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5 Biggest Hurdles for Entrepreneurs (And How to Get Over Them)

Being an entrepreneur can be a daunting task, let alone nearly an impossible one at times. According to the National Federation of Independent Business, roughly 39% of small businesses make a profit over their existence. That leaves a little less than one-third breaking even (30% to be exact) and the other 30% losing money. These stats alone could make you want to curl up and crawl in bed, and just shows one of the many hurdles entrepreneurs are up against. Read on to learn what five others are and, more importantly, how entrepreneurs can get over them and on the other side. (Plus, learn why you may benefit from an Oregon entity search.)

1. People Don’t Believe in Your Startup

This could be strangers you small-talk with or, yes, (harshly) even friends and family. When you meet up for the holidays or over brunch and talk turns to your work, you are met with vague responses and uncomfortable body language. Your work is not taken seriously; you find yourself having to convince others for support, not to mention you receive calls throughout the workday from friends and family asking you to run an errand or hang out—in other words, because you don’t work a standard 9-to-5, you are treated as if you don’t work at all.

How to Get Over the Hurdle

Despite the good intentions, often times, it may feel as if what you do is not important. A lot of times, friends and family fall for the entrepreneur stereotype: always flexible and up to work anytime, anywhere; and not working hard enough or over-working. Jump over this hurdle by talking with family and friends in-depth about what you do. At the same time, focus on your work and try not to fall for the attribution effect, which occurs when we assume a person’s behavior says something about their character.

2. Getting Investors

Getting investors—whether from venture capitalists or angel investors—for your startup can be challenging. For one, depending on the platform and your industry, you are competing with hundreds, if not thousands of other businesses for funding through these avenues.

How to Get Over the Hurdle

Consider registering your startup on these platforms to get in front of angel investors: Angel Investment Network,, and Angel Capital Association. Also, create a strategic list of investors your startup would most align with. In addition, don’t give up on old school networking; if it seems appropriate, casually mention your startup when at a networking event, conference, and yes, even at your local weekly soccer pickup game. At the same time, know that funding via venture capitalists and angel investors make up only a fraction of the funding pool. In fact, most startups are created without these types of funding—instead 57% are funded through a personal savings account and credit while another 38% receives funding from family and friends. (Mail Chimp and Shutterstock are just two self-funded companies who made it big.)

3. Getting Clients

Now that your startup is off the ground and running, how do you get clients? You are not sure where to start and, with debt to pay back, the stress is starting to build.

How to Get Over the Hurdle

Email pitching is the lowest inbound marketing tactic with the highest return on investment. Don’t be afraid to send out hundreds, if not thousands of emails. Chances are, you will get rejected multiple times. But all it takes is that one, two, three responses back that puts your foot in the door. Also, get your name out there through avid social media use and guest posting on websites that already have a large following. In doing so, more people—aka more potential clients—will know who you are.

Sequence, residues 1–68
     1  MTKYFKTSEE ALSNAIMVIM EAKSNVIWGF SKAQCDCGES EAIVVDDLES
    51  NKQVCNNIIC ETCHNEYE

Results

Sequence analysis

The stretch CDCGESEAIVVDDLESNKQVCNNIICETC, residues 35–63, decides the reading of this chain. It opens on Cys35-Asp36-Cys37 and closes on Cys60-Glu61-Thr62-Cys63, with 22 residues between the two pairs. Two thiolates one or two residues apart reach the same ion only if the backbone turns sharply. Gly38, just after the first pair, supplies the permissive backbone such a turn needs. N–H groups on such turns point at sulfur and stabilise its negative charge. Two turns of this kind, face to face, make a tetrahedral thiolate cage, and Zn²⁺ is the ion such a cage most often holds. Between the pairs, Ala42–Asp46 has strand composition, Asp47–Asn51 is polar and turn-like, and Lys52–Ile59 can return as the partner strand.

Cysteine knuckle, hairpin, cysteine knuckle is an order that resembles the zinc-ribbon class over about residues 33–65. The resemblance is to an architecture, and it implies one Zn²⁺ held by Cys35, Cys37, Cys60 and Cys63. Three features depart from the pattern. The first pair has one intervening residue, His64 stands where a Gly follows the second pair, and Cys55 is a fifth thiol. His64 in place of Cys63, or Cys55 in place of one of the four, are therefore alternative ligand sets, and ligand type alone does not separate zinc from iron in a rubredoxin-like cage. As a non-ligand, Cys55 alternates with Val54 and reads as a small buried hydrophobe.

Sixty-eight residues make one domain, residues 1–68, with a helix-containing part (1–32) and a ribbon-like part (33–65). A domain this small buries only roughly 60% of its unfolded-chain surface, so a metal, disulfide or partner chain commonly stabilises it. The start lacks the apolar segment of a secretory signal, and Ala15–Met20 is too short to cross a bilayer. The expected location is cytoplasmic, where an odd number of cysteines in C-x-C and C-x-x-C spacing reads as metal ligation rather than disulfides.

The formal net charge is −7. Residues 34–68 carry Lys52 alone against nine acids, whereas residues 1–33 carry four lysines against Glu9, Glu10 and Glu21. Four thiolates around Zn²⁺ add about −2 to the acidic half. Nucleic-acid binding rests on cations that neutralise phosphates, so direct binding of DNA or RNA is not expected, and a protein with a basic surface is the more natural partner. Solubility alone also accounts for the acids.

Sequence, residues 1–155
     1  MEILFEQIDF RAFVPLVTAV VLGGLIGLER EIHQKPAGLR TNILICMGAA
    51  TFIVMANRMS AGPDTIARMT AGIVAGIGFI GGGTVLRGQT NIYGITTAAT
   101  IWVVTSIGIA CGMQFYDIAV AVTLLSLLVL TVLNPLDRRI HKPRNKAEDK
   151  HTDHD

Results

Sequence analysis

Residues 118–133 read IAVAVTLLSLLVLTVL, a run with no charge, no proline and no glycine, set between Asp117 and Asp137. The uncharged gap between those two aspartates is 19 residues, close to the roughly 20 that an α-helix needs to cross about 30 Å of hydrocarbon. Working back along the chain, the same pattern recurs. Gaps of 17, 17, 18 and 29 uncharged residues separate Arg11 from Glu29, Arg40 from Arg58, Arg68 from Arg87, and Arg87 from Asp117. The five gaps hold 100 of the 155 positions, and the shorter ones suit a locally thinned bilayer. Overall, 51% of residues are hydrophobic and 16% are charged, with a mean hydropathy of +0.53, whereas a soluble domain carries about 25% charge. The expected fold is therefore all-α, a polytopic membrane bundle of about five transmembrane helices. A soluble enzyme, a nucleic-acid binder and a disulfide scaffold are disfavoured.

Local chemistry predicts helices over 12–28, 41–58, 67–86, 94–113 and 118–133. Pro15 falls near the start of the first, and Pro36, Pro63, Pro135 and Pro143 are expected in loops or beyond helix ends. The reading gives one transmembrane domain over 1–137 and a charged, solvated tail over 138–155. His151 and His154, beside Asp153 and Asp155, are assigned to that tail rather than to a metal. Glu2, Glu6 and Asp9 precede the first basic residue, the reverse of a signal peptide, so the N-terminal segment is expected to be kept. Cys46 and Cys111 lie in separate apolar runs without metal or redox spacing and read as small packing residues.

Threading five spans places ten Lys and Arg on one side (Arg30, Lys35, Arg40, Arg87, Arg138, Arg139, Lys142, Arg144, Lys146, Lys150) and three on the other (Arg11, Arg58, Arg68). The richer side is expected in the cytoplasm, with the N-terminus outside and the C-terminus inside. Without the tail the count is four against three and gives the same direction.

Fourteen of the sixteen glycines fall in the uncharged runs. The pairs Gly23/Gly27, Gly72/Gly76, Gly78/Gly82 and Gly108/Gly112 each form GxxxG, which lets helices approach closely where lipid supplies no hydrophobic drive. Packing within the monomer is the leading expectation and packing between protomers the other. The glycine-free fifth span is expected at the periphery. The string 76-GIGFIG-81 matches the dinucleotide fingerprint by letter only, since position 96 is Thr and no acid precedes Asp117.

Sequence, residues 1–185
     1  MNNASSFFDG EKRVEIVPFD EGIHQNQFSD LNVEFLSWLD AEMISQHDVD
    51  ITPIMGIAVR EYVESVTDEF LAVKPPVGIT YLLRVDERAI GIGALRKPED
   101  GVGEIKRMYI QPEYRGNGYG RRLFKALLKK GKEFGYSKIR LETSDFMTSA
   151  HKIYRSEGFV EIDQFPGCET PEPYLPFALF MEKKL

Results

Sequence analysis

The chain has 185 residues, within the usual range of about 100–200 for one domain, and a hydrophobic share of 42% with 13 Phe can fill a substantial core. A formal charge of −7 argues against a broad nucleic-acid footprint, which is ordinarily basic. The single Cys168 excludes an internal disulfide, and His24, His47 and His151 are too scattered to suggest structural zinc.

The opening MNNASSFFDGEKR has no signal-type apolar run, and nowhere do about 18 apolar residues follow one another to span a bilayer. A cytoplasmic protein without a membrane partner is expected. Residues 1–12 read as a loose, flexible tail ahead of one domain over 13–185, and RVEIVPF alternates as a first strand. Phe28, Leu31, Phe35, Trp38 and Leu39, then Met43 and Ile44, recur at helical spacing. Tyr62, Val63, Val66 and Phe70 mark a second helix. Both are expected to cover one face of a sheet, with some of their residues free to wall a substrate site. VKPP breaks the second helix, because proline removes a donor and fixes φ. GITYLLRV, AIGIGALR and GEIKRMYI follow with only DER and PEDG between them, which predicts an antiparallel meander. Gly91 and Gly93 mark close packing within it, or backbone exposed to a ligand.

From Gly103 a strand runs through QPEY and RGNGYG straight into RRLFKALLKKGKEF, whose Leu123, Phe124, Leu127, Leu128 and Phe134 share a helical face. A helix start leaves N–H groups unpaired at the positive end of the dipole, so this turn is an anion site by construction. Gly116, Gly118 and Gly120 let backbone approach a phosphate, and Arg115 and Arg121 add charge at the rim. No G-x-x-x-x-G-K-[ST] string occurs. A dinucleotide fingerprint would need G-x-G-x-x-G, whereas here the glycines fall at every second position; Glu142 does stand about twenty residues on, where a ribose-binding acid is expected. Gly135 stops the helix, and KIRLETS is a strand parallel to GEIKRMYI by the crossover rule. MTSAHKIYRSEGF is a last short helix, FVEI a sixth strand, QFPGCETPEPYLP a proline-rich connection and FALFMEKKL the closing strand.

4. Losing Clients

Let’s say you have a small but steady list of clients. However, out of nowhere, one client is downsizing and has to let you go. Another client states that they’ve decided to go in a different direction and don’t need your services anymore. You could handle one client dropping out, but two? Now, resources are starting to get tight. What do you do?

How to Get Over the Hurdle

Always, always, always continue to market your services. This goes for even when you have a full client list. That way, you have a list of potential clients you you can pull from when, on a rainy day, a client does drop out. Also, have an emergency fund set up in case you do find yourself in a financially tight position. Ideally, you should have at least 3 months of income saved up to pull from. Aim to save $500, and then go from there.

5. Overworking or an Unhealthy Work-Life Balance

The reality of being an entrepreneur is that you have no one structuring your day for you…but you. That big project coming up? Why not pull an all-nighter? What about those few hundred emails piling up in your inbox? You’ll tackle them at 3 in the morning. While occasionally this may work (in dire circumstances), the truth is, you run the risk of burnout, let alone not being able to separate your personal from your work life. Soon, it feels like you never stop working.

How to Get Over the Hurdle

Create structure. Come up (and stick to) set work hours. As soon as time’s up, you are out those office doors. Also, use time management tools—such as the Pomodoro Technique—to help you stick to your schedule. Speaking of which, create a daily to-do list the day before so you come to work the next do knowing exactly what you need to get done.

Final Thoughts

Riding the ebbs and flows are a normal part of entrepreneurship. What have you done to come out on top? What do you recommend other entrepreneurs do? Leave a comment below.

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